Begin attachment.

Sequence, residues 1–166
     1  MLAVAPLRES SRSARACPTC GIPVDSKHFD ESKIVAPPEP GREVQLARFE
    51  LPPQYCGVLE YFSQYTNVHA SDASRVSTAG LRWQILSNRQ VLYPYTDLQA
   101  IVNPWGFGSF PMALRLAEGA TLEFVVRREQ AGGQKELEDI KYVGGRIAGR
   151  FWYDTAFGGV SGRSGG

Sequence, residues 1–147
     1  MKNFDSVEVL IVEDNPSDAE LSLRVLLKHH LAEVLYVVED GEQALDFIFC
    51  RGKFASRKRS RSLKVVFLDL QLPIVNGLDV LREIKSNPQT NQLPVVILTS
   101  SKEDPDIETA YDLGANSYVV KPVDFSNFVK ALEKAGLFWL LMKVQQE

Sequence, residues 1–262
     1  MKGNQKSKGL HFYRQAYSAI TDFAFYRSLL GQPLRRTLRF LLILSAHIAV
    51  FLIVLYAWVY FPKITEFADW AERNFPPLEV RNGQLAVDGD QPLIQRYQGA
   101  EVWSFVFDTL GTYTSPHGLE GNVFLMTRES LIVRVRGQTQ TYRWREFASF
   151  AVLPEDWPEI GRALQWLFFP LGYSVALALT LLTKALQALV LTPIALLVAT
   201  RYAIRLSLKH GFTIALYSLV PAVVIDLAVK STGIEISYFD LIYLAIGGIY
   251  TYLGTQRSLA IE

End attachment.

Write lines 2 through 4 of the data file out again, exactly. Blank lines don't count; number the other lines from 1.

     1  MLAVAPLRES SRSARACPTC GIPVDSKHFD ESKIVAPPEP GREVQLARFE
    51  LPPQYCGVLE YFSQYTNVHA SDASRVSTAG LRWQILSNRQ VLYPYTDLQA
   101  IVNPWGFGSF PMALRLAEGA TLEFVVRREQ AGGQKELEDI KYVGGRIAGR